I was the perfect mother; right up until I had actual children. I knew precisely how my perfect little angels would look, behave, and impress. And I had it all under control, right up until they developed actual personalities. My vision of perfectly pig-tailed girls with big, brightly colored ribbons was quickly replaced with a tom boy and a daughter who prefers pairing formal dresses and cowboy boots.
My premonition about what my children would be like wasn’t the only one that would be badly skewed. I also just knew I wouldn’t end up looking like one of those old, tired soccer moms. I would often wonder how in the world they had let themselves go. Didn’t these women have any pride? How did they go from fashionista to fashion no-no in what seemed like the blink of an eye? In the words of every Scooby Doo villain, “…if it weren’t for those pesky kids!”
Remember back when you thought 40 was old? Well, back then, I was hot. No, for real. I was extremely stylish, and looking fashionable and put together was a priority. I never left the house without perfect hair and makeup. My nails were always professionally done. My clothing was impeccable and my accessories were fabulous!
When I had my first daughter, I was determined to keep this up. I refused to fall victim to the soccer mom look. Call it vanity, but I wanted to look my best. After all, isn’t my appearance my public statement that I had my shit together?
Fast forward a few years (decades) to the present where forty isn’t old and I have friends who are becoming (very young) grandparents. I catch a glimpse of myself in the mirror and the person who stares back at me looks tired. She’s wearing flats instead of heels, a shirt that strategically covers her belly, and a jacket to cover those wings flopping at the back of her arms. I turn around quickly in hopes of catching a stranger standing behind me, but the reality is the “mom” looking back at me is me. How did this happen?
It started when peer pressure led me to sign my kids up for activities. “It will make them well rounded,” they said. The jury is still out on whether or not my children are well rounded, but my expanding clothing size certainly suggests that I’m getting, well, rounder. Before becoming active, my day consisted of working a full time job, making a nice dinner, playing Chutes & Ladders and giggling with my family until 8 PM and then putting my kids to bed at a decent hour so my husband and I can actually talk. Now it’s a mad rush out the door in the morning with kids in two different schools (one in elementary and one in middle school), cramming a full time job into part time hours so I can leave early to be home when my kids get home from school, homework (mostly fighting about homework), and then the evening rush of carpool to and from these ill-advised activities.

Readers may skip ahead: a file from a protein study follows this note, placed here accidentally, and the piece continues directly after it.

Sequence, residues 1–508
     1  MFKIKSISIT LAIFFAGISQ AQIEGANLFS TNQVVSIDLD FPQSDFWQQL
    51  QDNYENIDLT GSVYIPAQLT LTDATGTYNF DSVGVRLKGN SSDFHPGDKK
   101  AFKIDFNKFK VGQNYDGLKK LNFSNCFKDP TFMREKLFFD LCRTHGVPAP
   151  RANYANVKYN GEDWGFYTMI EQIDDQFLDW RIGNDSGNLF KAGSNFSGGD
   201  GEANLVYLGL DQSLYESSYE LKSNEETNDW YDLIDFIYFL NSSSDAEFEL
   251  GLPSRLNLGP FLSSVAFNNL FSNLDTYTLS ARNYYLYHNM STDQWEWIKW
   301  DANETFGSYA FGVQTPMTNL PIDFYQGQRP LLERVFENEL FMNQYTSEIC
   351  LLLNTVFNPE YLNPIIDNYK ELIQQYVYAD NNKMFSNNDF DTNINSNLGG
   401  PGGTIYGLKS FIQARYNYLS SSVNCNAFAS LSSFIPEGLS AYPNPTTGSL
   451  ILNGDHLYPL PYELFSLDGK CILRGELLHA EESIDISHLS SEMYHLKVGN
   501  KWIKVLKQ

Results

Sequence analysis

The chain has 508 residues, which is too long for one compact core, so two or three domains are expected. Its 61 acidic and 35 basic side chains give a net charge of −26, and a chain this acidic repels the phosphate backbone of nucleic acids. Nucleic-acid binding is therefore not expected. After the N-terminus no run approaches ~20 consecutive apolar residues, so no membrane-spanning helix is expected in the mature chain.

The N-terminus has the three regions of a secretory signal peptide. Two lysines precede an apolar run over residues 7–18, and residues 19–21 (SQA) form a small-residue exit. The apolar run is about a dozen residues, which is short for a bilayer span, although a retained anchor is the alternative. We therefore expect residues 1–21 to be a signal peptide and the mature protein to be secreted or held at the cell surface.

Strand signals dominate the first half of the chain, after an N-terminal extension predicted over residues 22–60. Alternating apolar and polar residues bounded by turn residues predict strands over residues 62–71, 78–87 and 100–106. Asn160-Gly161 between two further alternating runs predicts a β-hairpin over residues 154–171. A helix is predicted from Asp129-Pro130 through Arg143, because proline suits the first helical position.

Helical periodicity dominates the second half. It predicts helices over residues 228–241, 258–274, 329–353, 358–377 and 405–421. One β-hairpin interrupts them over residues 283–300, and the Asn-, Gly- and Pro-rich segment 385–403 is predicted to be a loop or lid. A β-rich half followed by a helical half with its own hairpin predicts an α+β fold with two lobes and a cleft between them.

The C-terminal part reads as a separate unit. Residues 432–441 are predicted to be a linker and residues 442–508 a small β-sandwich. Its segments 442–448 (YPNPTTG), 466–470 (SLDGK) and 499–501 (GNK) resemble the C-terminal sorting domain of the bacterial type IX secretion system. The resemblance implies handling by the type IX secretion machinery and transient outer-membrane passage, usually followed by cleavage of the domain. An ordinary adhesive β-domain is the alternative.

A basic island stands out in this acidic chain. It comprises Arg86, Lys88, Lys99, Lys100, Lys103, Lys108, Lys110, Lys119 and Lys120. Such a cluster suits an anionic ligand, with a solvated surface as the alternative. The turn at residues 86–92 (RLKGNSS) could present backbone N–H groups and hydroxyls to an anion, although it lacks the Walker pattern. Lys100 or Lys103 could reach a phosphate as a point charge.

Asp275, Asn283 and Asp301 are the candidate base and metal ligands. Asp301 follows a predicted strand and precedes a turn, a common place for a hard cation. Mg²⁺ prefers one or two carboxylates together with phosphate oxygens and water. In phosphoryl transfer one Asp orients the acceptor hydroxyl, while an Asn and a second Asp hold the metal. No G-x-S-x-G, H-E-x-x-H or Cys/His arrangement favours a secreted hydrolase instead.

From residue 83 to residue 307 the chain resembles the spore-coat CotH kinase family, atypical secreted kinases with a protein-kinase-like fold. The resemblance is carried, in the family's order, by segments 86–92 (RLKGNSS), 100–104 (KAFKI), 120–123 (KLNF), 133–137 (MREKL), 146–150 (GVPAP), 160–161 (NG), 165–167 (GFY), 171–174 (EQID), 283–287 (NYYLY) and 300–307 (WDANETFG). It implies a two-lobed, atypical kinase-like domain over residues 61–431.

Communication with my husband is done mostly via text messaging with the occasional email when we have time to write words that aren’t abbreviated. When we do have some down time, inevitably, one of us is taking a nap.
It’s because of a schedule like this that laundry pulled out of the hamper that can pass the sniff test is deemed wearable. Cute high heels have been replaced with comfortable, sensible shoes because I never know when a birthday invitation will be discovered at the last minute at the bottom of a book bag and I’ll have to make a Target run. My cute jewelry lays lonely in the jewelry box because by the time I get to the point where I can add accessories, I’m too busy signing permission forms and giving lectures about unfinished homework to even remember where my car keys are, much less that I have a jewelry box.
I’ve done a few things to try to fight the mom stereotype. I have tattoos, my nose is pierced, and I have a funky haircut. Of course, I also wear glasses a good amount of the time because I’m too lazy for contacts, my pants have elastic bands because zippers and buttons just aren’t comfortable on my roundness, I prefer comfort to style, and I drive a mother effing mini-van.
I’m proud to be a Mom, I just don’t necessarily want to look like one. Although I’m starting to understand the appeal of mom jeans (the high cut goes OVER the belly roundness rather than cutting into it!) it doesn’t mean I want to look like I’ve given up. Giving up is the easy way out and if you’re a mom you now us moms don’t ever do anything easy. So today, even though I didn’t take an exorbitant amount of time getting ready (I have an 8 year old who thinks I’m a hair dresser and demands her hair be fixed to perfection) I did slip on some heels in place of my usual flats. I also added earrings AND a big honking sparkly ring for good measure. I was admiring my big sparkly as I carted my daughter off to middle school and we were bopping our heads to Justin Bieber in the Glam Van.
Chrystal Getz is a working mom, wife, certified Lifestyle & Weight Management Specialist, and aspiring writer. A mid-western girl who has been transplanted to the east coast, her hobbies include sarcasm, over extending herself, working out and occasionally blogging. She’s a straight shooter who loves to motivate people. She doesn’t believe in diets and fads, but rather hard work and moderation. (Seriously, who could give up chocolate and beer?) Her realistic approach isn’t for everyone. Only those who are looking for results.